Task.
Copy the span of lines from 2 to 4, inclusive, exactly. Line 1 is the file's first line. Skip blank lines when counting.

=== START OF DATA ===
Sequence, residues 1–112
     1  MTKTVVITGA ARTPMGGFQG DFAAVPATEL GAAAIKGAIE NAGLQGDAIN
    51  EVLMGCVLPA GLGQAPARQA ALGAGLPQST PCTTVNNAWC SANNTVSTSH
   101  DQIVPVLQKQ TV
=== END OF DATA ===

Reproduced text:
     1  MTKTVVITGA ARTPMGGFQG DFAAVPATEL GAAAIKGAIE NAGLQGDAIN
    51  EVLMGCVLPA GLGQAPARQA ALGAGLPQST PCTTVNNAWC SANNTVSTSH
   101  DQIVPVLQKQ TV